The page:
Citibank expects double digit growth in GCC banks
Citigroup expects to see double digit growth in private banking assets under its management from the Gulf region in 2016 said Anthony Habis, head of Citi Private Bank UAE and Saudi Arabia and Global Family Office MENA. "Last year we had strong double digit growth in assets under management from the region in excess of 20 per cent. We expect to see similar growth this year," said Habis during a conference call with reporters.
Citibank executives said diversification of portfolios will be the priority of regional investors in the context of the challenging economic environment in the region and continuing volatility in the global markets.
"There has been increase in demand for dollar denominated asset classes in the context of volatile currency markets. Clearly, investors from the region are showing their preference for allocation into dividend paying asset classes," said Mark Mills head of Investment Counselling, Middle East and North Africa.
While regional investors are keen on international diversification of portfolios, in the context of continuing volatility, wealth preservation with low risk and income generating asset classes are top on their priorities.
As far as investments into the region is concerned, regional asset classes on the radar of global investors. "On equity side, it is not very easy to access regional stocks. On the fixed income front there is growing interest from investors in quasi sovereign issue which offer relatively higher yields and better security," said Jeffrey Sacks, Director, Capital Markets Strategist EMEA.
The regional markets are expected to remain volatile during the current year in the context of low oil prices. "Oil prices are expected to see some recovery in the second half of the year bringing some relief to the markets, but the recovery is not going to bring back prices to the previous levels. The overall low level of oil prices are going to bring about structural changes which will be good for the markets in the long term," said Sacks.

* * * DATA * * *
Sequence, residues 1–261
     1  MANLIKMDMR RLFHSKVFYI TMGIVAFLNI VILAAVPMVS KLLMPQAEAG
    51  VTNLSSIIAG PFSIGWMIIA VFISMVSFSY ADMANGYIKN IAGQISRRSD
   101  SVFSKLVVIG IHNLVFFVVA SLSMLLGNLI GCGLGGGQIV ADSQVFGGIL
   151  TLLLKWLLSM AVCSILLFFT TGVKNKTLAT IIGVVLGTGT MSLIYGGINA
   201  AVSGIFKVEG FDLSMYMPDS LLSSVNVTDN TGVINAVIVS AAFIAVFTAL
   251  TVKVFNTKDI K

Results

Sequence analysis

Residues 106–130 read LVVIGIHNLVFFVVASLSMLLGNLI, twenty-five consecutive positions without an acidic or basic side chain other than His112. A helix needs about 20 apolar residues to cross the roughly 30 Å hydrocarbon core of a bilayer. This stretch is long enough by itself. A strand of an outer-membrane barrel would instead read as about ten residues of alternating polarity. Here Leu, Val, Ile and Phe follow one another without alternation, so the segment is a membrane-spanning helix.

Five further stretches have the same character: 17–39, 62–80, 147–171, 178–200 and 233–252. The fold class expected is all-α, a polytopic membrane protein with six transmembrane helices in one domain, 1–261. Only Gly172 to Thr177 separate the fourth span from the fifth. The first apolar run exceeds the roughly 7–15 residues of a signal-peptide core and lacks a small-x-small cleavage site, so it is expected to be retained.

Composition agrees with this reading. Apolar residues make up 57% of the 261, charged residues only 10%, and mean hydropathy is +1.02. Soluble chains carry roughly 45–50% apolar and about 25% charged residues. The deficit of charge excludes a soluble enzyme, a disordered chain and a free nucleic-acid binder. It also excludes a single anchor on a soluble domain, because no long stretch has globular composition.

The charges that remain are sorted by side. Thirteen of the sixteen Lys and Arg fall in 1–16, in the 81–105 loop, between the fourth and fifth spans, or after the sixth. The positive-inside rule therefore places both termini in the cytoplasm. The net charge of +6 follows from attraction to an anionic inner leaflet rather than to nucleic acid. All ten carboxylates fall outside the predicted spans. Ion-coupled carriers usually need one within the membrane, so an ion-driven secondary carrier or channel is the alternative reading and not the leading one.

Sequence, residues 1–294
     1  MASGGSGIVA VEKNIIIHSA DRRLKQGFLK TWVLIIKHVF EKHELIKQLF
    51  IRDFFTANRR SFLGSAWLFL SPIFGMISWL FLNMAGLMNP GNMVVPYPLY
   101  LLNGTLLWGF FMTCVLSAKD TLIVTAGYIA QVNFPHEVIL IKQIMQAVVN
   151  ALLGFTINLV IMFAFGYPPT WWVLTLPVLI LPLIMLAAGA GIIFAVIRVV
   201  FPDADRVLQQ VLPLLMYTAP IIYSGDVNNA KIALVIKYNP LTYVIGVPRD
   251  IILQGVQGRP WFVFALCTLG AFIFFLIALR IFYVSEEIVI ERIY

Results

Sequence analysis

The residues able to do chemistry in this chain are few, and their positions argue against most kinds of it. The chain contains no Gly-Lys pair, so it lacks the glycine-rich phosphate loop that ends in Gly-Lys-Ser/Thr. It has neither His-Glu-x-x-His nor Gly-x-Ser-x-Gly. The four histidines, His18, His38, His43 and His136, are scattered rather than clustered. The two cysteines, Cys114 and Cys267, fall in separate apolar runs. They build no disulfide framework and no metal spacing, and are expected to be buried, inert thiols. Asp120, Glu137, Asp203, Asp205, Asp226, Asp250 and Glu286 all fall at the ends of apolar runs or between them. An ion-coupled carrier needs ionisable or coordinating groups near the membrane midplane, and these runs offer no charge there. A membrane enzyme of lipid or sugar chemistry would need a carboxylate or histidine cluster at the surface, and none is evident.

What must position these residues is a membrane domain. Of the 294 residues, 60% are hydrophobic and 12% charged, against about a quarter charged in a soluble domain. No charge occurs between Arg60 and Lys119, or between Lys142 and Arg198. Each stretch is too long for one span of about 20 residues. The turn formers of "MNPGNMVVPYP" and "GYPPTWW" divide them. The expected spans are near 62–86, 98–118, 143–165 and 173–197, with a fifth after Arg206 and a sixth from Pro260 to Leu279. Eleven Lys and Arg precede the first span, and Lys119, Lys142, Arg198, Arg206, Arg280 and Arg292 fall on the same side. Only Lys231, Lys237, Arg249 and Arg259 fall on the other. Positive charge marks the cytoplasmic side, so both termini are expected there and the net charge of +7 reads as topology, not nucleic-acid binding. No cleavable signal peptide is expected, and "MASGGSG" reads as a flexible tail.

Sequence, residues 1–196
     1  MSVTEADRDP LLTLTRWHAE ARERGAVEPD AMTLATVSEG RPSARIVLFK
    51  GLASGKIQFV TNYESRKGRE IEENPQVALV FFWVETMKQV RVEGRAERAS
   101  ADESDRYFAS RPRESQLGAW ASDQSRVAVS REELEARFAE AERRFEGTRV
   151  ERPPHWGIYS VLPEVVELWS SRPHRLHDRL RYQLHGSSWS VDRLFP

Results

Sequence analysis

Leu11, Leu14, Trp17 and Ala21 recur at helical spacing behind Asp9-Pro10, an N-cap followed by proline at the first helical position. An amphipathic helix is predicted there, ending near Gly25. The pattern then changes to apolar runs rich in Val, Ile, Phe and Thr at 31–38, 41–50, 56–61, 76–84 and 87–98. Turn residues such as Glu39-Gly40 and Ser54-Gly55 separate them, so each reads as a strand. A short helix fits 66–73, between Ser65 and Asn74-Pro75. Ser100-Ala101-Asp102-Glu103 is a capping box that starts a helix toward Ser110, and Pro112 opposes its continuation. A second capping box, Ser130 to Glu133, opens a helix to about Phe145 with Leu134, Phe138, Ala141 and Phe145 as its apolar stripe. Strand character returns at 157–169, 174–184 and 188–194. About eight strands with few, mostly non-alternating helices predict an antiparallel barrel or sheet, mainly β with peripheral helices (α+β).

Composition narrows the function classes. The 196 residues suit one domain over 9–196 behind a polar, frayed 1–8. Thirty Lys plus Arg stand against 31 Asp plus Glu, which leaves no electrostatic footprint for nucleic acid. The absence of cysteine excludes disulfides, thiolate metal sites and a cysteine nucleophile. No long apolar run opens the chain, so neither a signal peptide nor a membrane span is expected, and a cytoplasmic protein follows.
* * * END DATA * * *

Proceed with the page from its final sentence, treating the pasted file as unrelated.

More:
While the fiscal strains will continue to strain most GCC economies in the next few years, Citi executives said the region is unlikely to abandon their currency pegs to the US dollar. While countries such as Saudi Arabia, the UAE and Qatar haves adequate reserves to defend their currencies for several years to come, Oman and Bahrain are seen fiscally more challenged. But they see extremely low probability of a currency de-pegging in the near future.
In the global markets, Citi expects tactical shift in allocation reducing weightage on equities in favour of fixed income will continue in 2016. Although the bank sees see near-term potential upside in certain equity markets, particularly in the developed world, it expects to continue to reduce our tactical allocation to equities during this year. Despite already-attractive valuations, the bank sees emerging markets (EMs) overall as vulnerable to further downside although certain EM countries and regions where the immediate outlook seems more positive.
While high volatility in core financial assets are expected to persist in the coming year protecting portfolios against it or benefit from it will be the key priority of wealth managers. Amidst ongoing volatility and divergent central bank monetary policies, Citi executives expect financial assets to move in a less correlated fashion than they have over recent years. "We seek to select high-quality investments whose growth prospects depend more on long-term trends and which have been less volatile during periods of market stress," said Sacks.